Why bomb Bath? – Blitzed cities captured on film

Two films from 1942 reveal the devastation caused by German bombing raids in the south-west of England, when homes, ancient buildings and medieval cathedrals all became unlikely targets of the Nazi campaign.

Bryony Dixon

The Blitzed Cities of Bristol and Bath (1942)

The Blitzed Cities of Bristol and Bath (1942)

Everyone knows about the London Blitz, and those who know their WWII history will know of the destruction of Coventry and the raids on industrial cities of the north and the ports of the east and south. But the South West? It seems so unlikely – why bomb Bath? Or Bristol, or Exeter? Our image of the West Country is nearly always of a tranquil, rural idyll, a timeless place of high-hedged lanes and thatched cottages – the worlds of Trollope’s Barsetshire, Jane Austen’s Bath and Thomas Hardy’s Wessex.

But two films from 1942, The Blitzed Cities of Bristol and Bath and Exeter after the Blitz, show us the all-too-real aftermath of German bombing raids. The familiar sights – of rubble and twisted metal and stunned locals, and smouldering ruins being picked over by ARP men – seem strangely incongruous so far from the capital. In fact, Bristol was the fifth most-bombed city in the UK, despite being ostensibly less of a military target than some (although it had an airfield and a port). But Bath and Exeter were not military targets. Apart from the odd stray bombs dropped by lone raiders, they should have been safe.

The Blitzed Cities of Bristol and Bath (1942)

The Blitzed Cities of Bristol and Bath (1942)

What these films provide is visual evidence of the specific bombing missions known as the ‘Baedeker raids’, ordered personally by Hitler in retaliation for the Allied bombing of Lübeck in February 1942, and targeting cultural and historic centres rather than military objectives. The beautiful city of Lübeck was, in Sir Arthur ‘Bomber’ Harris’s chilling words: “not a vital target, but it seemed to me better to destroy an industrial town of moderate importance than to fail to destroy a large industrial city”.

As can be seen in the two films, these revenge raids on British cities of the South West did considerable damage to ancient buildings, medieval cathedrals and the glories of Georgian Bath – and, of course, to thousands of homes and business premises.

Both films are made by amateur or semi-professional cameramen, replete with too-fast pans and repetitions. They are a far cry from polished productions such as Fires Were Started (1943) or London Can Take It! (1940). But this is in their nature. They were made as films of record, documenting the damage to specific buildings and streets as well as recording the mobile kitchens set up to aid the homeless, the fire brigades and demolition gangs, and even the occasional human touch – including an old man looking at the ruins of a house where his wife died.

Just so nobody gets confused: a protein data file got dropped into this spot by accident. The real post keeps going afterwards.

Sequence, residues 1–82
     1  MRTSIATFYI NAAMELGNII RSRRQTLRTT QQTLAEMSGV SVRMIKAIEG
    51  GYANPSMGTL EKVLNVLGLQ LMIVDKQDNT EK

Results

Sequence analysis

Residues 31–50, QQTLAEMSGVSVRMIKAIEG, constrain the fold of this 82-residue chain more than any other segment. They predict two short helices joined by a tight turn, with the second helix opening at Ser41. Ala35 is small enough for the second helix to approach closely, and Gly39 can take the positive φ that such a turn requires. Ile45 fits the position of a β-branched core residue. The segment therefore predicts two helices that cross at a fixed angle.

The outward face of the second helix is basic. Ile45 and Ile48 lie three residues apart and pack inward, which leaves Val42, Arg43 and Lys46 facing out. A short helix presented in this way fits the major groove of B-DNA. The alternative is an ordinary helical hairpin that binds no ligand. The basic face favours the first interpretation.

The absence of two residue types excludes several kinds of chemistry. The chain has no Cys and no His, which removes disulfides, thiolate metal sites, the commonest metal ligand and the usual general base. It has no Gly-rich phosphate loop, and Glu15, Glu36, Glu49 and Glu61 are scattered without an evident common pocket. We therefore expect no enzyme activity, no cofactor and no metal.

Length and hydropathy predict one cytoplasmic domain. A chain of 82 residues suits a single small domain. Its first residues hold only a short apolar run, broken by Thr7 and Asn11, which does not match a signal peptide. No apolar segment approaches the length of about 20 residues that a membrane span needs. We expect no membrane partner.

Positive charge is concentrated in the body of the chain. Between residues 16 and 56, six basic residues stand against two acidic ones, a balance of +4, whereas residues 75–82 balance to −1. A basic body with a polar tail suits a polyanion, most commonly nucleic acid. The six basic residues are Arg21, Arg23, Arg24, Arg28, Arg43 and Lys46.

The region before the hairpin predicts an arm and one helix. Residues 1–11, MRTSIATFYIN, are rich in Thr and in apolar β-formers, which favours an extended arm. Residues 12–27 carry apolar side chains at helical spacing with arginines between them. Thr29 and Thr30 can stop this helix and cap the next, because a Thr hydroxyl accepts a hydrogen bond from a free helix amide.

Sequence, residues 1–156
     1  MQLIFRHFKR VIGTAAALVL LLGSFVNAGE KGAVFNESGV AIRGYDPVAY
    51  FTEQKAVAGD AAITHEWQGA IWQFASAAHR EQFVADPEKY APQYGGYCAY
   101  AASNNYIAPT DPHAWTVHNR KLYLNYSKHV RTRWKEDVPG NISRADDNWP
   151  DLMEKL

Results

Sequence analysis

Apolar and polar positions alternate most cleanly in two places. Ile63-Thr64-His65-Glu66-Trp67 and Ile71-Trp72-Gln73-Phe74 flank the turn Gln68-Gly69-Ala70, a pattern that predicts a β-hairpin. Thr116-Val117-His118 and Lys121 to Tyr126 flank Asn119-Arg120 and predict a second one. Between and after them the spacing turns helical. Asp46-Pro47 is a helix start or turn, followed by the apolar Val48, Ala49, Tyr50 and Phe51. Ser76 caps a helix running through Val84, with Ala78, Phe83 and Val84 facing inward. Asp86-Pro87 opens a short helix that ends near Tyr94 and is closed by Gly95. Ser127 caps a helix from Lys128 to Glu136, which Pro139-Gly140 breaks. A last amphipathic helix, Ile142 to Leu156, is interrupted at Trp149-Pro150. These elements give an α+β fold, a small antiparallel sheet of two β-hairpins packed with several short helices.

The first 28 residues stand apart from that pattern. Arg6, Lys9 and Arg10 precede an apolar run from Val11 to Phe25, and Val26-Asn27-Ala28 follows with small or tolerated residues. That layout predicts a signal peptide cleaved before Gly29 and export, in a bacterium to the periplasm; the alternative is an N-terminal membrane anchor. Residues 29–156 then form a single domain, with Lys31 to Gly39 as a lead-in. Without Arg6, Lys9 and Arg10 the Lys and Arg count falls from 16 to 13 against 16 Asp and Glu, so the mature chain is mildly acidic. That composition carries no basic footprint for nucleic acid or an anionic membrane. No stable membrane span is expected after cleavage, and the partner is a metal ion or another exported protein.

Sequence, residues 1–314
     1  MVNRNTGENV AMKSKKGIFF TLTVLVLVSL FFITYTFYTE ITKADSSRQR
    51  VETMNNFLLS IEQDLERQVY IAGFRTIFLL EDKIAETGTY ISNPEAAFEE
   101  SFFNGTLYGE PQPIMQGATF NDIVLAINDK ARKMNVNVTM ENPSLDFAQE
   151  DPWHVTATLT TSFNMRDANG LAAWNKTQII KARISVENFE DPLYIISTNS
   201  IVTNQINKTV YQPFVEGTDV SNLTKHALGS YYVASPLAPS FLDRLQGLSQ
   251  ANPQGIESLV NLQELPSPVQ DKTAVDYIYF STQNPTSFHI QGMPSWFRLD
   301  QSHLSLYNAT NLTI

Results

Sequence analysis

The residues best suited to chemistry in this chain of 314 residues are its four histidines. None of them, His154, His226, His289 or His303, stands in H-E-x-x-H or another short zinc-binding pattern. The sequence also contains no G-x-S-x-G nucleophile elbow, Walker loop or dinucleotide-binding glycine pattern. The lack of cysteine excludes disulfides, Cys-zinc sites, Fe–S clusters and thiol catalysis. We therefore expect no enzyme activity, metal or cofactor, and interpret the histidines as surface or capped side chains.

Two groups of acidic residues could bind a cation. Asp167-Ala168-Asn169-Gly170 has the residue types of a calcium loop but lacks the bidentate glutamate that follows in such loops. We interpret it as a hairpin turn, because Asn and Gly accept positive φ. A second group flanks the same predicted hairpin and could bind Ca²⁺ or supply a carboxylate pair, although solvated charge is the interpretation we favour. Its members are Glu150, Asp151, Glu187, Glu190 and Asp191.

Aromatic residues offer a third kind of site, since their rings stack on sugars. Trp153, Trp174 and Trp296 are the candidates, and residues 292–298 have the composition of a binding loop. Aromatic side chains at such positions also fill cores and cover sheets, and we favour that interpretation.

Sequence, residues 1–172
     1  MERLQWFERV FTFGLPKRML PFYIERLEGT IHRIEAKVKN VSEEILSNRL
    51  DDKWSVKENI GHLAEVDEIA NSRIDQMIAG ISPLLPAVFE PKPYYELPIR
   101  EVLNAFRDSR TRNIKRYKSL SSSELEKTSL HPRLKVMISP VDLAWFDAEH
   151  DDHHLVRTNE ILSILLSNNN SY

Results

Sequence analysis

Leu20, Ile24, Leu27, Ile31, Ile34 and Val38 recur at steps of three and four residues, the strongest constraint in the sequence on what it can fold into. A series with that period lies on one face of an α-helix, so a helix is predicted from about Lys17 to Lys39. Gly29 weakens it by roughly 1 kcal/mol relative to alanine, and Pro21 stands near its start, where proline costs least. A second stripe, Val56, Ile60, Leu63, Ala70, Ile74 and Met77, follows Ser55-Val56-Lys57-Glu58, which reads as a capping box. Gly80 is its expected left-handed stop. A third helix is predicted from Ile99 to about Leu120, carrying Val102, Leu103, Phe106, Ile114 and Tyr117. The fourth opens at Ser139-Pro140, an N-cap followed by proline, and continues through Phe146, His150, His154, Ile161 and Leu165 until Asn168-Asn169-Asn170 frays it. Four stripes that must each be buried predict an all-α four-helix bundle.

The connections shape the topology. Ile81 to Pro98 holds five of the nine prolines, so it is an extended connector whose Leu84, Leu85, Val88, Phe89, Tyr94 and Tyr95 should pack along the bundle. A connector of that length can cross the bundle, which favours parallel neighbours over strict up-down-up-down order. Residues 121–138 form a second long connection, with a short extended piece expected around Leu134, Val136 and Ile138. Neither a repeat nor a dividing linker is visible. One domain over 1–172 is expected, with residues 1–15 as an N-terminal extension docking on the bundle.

The Blitzed Cities of Bristol and Bath (1942)

The Blitzed Cities of Bristol and Bath (1942)

The Blitzed Cities of Bristol and Bath was commissioned by a ‘Mr Fear’ (born in Chew Magna but now resident in Kansas City, an intertitle tells us) and made by Dunscombe’s, a firm of opticians and photographers – which may explain why the film is in colour. This is unusual as film was rationed during the war and colour stock was almost never available.

The commission also explains why the film begins with scenes in the sleepy village of Chew Magna. An intertitle announces: “the only evidence of wartime activity is the mobile first aid ambulance”. Had the cameraman only known just how ironic this was! For Chew Magna was, secretly, a ‘QL site’: a decoy for the Luftwaffe seeking to drop their bombs on Bristol by night. Lights would be set up to imitate airstrips, or the railway sidings and marshalling yards of the Bristol docks. Another nearby decoy site, at Black Down in the Mendips, was designed by technicians from Shepperton Film Studios, who were also churning out dummy planes and tanks for the North Africa ‘dirty tricks’ campaign.

Exeter after the Blitz seems to be rushes or production footage shot by the Dartington Hall Film Unit, based at the Devon stately home, from where it made documentaries during the war which were distributed throughout the region by the Ministry of Information. It has been suggested that, since the Baedeker raids were essentially an attack on the confidence and morale of the British nation, Churchill wanted to minimise reporting of them. The Germans, on the other hand, did their utmost to make capital out of the raids. Following the bombing of 3-4 May 1942, German radio declared, “Exeter is the jewel of the west; we have destroyed that jewel, and we will return to finish the job.” But they didn’t come back, and soon the raids ceased altogether as British anti-aircraft units became more active and there were more strategic uses for German planes.

These films demonstrate that the bombing campaigns of the Second World War had more than just a simple military purpose. They show the ruins of medieval and Georgian architecture that were targeted by Germany because they would burn nicely, and because their destruction would crush Britain’s spirit. The British have always closely identified with their history and documents such as these provide a sad memorial to these lost wonders.

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